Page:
Four Diamonds supports personalized cancer treatment research
The youngest of 11 children, Theresa Illicete is considered the darling of her siblings. When she was an infant, her mother, Mary, recalls having to fight for the right to hold her. So when “their baby” was diagnosed with osteosarcoma at 9 years old, it was no surprise the family immediately came together in support.
“We all cried together. And, we all held our breath. Every relapse, a new punch to the gut,” said Mary. “But the trial changed that.”
The trial Mary refers to was a nationwide clinical study targeting cancers that are resistant to current medical treatments following a period of initial improvement. This is one of many studies either partially or fully funded by Four Diamonds that gives Penn State Health Children’s Hospital and Penn State College of Medicine physicians the ability to provide life-changing care to their patients in Hershey.
Doctors listen to the tumor
Instead of testing a single agent or combination of agents to see if patients with a specific tumor type would respond to them, this study took a different approach.
“The type of tumor didn’t dictate what type of therapy the patient would receive. It was based on molecular characterization the tumor was exhibiting at the time of treatment,” said Dr. Valerie Brown, a co-author of the study and clinical director of the experimental therapeutics program in the Division of Pediatric Oncology/Hematology at Penn State Health Children’s Hospital. “Instead of telling the tumor how we’re going to treat it, in this study we listened to the tumor and did what it told us.”
Enrolled in the study when her tumors continued to grow, Theresa’s analysis revealed the tumors were resistant to certain treatments and potentially sensitive to others. Using that information, investigators came up with a road map to move her treatment forward using an experimental drug therapy.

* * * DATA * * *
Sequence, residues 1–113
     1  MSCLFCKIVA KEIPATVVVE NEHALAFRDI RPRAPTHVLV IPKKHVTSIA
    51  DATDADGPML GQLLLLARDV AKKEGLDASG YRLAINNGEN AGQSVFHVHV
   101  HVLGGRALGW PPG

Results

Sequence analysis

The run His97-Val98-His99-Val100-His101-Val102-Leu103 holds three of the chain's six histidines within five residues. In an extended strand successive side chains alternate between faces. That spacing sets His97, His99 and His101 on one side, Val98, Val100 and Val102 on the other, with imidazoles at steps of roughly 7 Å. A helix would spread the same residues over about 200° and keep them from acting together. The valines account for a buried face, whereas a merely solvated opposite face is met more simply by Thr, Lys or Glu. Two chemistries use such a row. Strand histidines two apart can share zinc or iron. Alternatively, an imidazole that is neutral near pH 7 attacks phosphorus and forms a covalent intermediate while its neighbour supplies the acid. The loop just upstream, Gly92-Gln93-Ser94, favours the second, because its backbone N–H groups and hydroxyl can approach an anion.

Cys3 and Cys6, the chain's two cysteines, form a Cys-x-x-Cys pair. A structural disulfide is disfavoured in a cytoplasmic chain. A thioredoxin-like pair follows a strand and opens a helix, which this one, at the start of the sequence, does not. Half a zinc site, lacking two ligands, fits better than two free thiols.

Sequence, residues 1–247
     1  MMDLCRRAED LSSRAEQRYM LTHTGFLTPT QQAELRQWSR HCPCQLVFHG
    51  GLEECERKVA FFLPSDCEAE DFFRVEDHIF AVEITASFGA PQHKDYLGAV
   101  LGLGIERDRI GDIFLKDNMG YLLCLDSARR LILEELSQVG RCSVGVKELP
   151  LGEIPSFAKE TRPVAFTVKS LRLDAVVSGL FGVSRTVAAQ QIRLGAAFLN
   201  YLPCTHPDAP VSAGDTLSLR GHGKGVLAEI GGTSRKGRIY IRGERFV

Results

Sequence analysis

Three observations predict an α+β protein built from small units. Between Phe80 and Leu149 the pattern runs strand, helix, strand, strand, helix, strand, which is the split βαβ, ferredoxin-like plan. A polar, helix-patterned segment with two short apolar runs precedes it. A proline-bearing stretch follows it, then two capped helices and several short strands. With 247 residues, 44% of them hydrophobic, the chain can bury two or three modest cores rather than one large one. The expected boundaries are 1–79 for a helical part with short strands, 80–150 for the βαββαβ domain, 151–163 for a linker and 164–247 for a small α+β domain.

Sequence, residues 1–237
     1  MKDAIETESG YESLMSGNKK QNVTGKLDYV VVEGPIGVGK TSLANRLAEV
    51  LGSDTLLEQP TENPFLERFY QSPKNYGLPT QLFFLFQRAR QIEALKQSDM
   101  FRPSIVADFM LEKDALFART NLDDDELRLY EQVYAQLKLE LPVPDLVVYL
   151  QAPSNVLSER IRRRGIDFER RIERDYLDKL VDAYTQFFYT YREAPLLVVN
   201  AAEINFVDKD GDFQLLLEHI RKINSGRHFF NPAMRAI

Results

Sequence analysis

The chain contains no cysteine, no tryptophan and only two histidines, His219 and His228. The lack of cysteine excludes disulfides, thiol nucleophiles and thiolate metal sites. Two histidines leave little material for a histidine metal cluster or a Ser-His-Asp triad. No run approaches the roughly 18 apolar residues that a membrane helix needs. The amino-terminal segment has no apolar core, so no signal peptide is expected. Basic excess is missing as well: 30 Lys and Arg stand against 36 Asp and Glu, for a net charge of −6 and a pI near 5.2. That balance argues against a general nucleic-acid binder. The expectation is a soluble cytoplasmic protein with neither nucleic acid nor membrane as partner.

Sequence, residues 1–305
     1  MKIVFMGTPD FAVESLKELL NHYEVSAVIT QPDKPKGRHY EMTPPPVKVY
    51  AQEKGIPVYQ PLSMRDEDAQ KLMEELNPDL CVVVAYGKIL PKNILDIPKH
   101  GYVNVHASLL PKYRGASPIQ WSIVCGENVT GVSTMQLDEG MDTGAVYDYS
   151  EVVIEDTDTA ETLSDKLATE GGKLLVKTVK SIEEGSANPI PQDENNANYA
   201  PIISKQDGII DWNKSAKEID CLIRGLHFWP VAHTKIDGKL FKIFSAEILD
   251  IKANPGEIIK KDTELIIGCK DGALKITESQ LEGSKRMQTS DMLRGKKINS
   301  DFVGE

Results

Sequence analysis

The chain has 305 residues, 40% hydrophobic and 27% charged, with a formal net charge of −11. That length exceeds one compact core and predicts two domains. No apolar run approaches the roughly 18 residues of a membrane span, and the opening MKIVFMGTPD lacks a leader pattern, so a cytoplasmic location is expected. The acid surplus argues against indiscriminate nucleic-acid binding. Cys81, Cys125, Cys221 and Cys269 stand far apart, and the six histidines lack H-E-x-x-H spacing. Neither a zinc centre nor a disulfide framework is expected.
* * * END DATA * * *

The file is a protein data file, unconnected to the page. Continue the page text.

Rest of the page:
“This cancer kept popping up like brush fires. This trial gave her doctors the tools to beat down the brush fires because the molecular targeting tested her tumors against over 500 different agents, matching her to 200 possible agents that could control this beast,” Mary said. “They studied the list and chose the ones that were likely to be most effective, while not ruining her quality of life.”
Personalized medicine moves beyond study
During its approximately 10-year lifespan, the study included more than 200 patients, 18 of which were from the Children’s Hospital. Although not every patient found success, the idea of a personalized, targeted approach to cancer treatments gained traction among Brown’s colleagues and patients. And, scientists began translating the findings into their everyday work.
“The idea of personalized or precision medicine is an amenable concept,” Brown said. It’s a concept that has grown increasingly popular and one which Brown and her team look to carry beyond the study. “We are working to set up our own institution to do this completely ourselves within the calendar year. Our overarching goal is to do this for every oncology patient.”
Four Diamonds provides crucial support
The ability to translate this type of leading-edge research into patient treatments would not be possible without the support of Four Diamonds and the Penn State students who work hard throughout the year raising funds through THON.
“It takes time. It takes money. It takes resources,” Brown said. “Without Four Diamonds’ backing, none of this could happen. The money, in my opinion, has been well spent because, even if these children don’t have the outcomes we want, we are contributing to the wealth of knowledge and, hopefully, pushing it along so that the next child who walks through the door won’t have to go through a relapse or undergo such intense treatments.”
Now eight years past Theresa’s cancer diagnosis, her mother says the entire family is very grateful for Four Diamonds’ support and the opportunity to watch her grow up – something they weren’t always sure would happen. After more than 77 cycles of chemotherapy and multiple treatment highs and lows, her health has stabilized in the last two years, and she is technically in remission.
“I honestly don’t think gratitude is an adequate enough word. Theresa is a gift,” Mary said. “God led us to Hershey and these doctors, these people. I pray for them every single day.”
For a list of clinical trials and research studies at Penn State, visit studyfinder.psu.edu.
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